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  • EARTH REPORT: STATE OF THE PLANET

EARTH DAY REPORT: OVER-FISHING

While many of us may think that over-fishing is only really a problem for fish, fishermen and those who like eating fish, there are many environmental side-effects caused by over-fishing and it can affect us all. Read on as we reveal the delicate balance of nature and how man’s actions are destroying this fragile equilibrium.

What is Over-Fishing?
As the name suggest, over-fishing is catching too many fish for the fish population to successfully maintain its numbers. If over-fishing occurs, the fish stock of a given population will dwindle, before eventually dying out. Over-fishing has occurred in recent decades because there are too many vessels, often with improved fish harvesting functions – such as bigger nets and dredging equipment - operating within fisheries. This is leading to considerable over-fishing of many fish species. So much so in fact that the UN’s Food and Agriculture Organisation (FAO) estimate that nearly 70% of fish stocks worldwide are ‘fully fished, over-fished or depleted.'

Over-Fishing: How it Affects All of Us
While overfishing has a terrible effect on fish-stocks and the livelihoods of those dependent on the fishing industry when fish stocks run out, there are also many implications for both humans and the wider natural environment, too. Modern day fishing techniques typically yield a considerable amount of bycatch – the term used in the fishing industry to describe other species of fish and marine life that are caught as a by-product of large scale fishing. Bycatch is not what the fishermen want to catch and are of little or no commercial value, but they nonetheless get caught in the nets and killed. For example, for every tonne of prawns caught by commercial fishing boats, three tonnes of other fish are believed to be caught as well. Dolphins are particularly susceptible to tuna fishing techniques also, with thousands killed annually.
Also, over-fishing not only has an effect on the stock of a particular fish species, over-fishing can have a significant impact along the food chain, too. For example, there is some argument to be made that over-fishing of krill – the small shrimp-like creatures that form the main diet of many whales, including the Blue Whale, may have contributed to the decline in the numbers of these marine animals.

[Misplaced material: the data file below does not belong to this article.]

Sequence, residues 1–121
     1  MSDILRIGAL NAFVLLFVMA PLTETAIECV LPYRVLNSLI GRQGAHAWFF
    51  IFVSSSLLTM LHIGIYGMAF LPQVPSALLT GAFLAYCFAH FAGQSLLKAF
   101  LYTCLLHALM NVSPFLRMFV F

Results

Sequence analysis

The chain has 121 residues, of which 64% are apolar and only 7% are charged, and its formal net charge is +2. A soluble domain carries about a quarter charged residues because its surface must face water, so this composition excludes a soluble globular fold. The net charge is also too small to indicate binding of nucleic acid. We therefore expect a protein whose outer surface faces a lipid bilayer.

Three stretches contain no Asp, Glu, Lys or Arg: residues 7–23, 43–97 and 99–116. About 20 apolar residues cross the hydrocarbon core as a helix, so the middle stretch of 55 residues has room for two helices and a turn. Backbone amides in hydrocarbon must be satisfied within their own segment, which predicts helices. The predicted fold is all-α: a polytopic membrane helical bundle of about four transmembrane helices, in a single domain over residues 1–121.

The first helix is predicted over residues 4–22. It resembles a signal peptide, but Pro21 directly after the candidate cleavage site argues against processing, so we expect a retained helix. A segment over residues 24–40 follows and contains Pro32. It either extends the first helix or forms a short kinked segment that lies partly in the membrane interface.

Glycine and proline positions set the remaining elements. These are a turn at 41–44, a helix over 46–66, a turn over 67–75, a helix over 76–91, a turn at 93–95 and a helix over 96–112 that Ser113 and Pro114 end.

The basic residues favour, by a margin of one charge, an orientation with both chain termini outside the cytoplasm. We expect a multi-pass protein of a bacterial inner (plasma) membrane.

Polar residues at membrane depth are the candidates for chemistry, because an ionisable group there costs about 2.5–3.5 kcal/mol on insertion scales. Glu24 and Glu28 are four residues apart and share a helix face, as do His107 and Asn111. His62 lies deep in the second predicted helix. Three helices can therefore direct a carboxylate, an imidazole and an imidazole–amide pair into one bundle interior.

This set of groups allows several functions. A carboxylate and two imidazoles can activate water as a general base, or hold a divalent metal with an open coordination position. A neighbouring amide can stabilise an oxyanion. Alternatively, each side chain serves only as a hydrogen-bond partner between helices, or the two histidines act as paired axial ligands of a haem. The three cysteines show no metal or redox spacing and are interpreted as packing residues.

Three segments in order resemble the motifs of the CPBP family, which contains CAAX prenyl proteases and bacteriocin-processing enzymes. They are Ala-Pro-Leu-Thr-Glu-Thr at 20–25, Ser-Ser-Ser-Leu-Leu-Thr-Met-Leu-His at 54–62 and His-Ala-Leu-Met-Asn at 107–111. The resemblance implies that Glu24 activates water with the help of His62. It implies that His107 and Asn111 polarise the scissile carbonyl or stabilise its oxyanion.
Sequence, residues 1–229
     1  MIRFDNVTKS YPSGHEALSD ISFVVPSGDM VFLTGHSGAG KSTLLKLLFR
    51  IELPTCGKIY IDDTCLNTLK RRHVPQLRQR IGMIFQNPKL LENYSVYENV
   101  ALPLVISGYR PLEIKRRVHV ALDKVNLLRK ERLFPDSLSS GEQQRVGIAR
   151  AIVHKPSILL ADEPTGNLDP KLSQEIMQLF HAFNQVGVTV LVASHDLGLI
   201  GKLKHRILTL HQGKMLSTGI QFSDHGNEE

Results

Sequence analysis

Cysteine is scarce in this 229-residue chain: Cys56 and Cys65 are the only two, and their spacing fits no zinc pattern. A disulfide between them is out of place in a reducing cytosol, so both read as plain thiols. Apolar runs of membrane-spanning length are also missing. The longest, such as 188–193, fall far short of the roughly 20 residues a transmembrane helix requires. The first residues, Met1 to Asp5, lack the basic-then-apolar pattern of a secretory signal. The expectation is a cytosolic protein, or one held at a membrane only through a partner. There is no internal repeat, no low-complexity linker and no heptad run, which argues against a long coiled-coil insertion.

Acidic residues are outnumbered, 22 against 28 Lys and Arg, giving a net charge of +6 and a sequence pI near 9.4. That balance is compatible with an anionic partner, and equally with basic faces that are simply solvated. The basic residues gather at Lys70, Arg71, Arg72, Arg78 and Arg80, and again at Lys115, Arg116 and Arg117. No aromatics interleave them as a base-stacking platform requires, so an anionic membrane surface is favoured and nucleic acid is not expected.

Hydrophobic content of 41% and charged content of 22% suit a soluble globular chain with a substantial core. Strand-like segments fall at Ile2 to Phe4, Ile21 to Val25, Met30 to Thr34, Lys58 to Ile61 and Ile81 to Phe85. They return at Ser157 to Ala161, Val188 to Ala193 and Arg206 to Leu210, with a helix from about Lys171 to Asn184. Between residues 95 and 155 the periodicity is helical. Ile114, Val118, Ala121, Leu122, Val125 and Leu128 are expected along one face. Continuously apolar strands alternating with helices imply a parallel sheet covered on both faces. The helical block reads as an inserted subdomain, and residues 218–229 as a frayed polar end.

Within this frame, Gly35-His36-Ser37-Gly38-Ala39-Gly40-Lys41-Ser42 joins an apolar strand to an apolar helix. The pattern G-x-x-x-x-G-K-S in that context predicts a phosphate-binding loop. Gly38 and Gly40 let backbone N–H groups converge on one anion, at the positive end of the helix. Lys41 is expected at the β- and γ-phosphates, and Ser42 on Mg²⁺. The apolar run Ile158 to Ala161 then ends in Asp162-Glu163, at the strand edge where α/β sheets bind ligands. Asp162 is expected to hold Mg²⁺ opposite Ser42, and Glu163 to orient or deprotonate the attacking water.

Over-Fishing: The Jellyfish Affect

The destruction of fragile marine eco-systems and food chains as a result of over-fishing may also be having an effect in more unusual ways, too. Since the 1980s the number of stinging jellyfish inhabiting the world’s oceans has increased considerably, transforming the fisheries of areas such as the Gulf of Mexico, the Sea of Japan and the Mediterranean, as well as having a detrimental effect to many tourist destinations. Scientists are baffled as to what is causing such significant increases; however, human influence is increasingly being raised as having something to do with it. Factors such as increases in the temperature of the world’s oceans due to climate change and global warming and increased pollution levels have been cited as possible causes for the ‘swarms,’ but over-fishing too – removing jellyfish predators and competitors for food – has also been pinpointed as a potential reason for the continued increase in jellyfish numbers worldwide.

What you can do? Buying the Right Fish
Fishing, like all industries, is dependent on the needs and interests of consumers: fishermen only catch fish because they know they can sell their fish to consumers, who will pay to buy them. If you want to make a difference and protect fish stocks and the environment, there are several things that you can do.
The first thing to do is get educated. Did you know that most cod stocks are dangerously low, while Sole, including Dover Sole, is well stocked and believed to be sustainably farmed? As a consumer you can deliberately have an effect on fishing methods and the type of fish fishermen catch by widening the type of fish you eat.

Buying the Right Fish, At the Right Time
While the type of fish you eat is important, so too is the time of year that you buy certain fish. A quick rule of thumb is to try to avoid eating fresh wild fish caught during the spawning season of a specific fish species. This gives fish stocks the opportunity to grow in a more sustainable way. For example, you should avoid buying Atlantic Cod in February, March or April; Plaice in January, February or March or Mackerel from March to July.
You could also change your shopping habits further and only buy fish from supermarkets that have sustainable fishing policies in place: the more pressure put on businesses by consumers, the greater the likelihood of effective, lasting change taking place. Check at your local supermarket to see what their policy on sustainable fishing is like.
Over-fishing is a serious problem and one that could as yet have hidden, unknown environmental consequences further down the line. Take action now and check out our related links section to learn more about how you can get involved in protecting our world’s oceans and fish-stocks.
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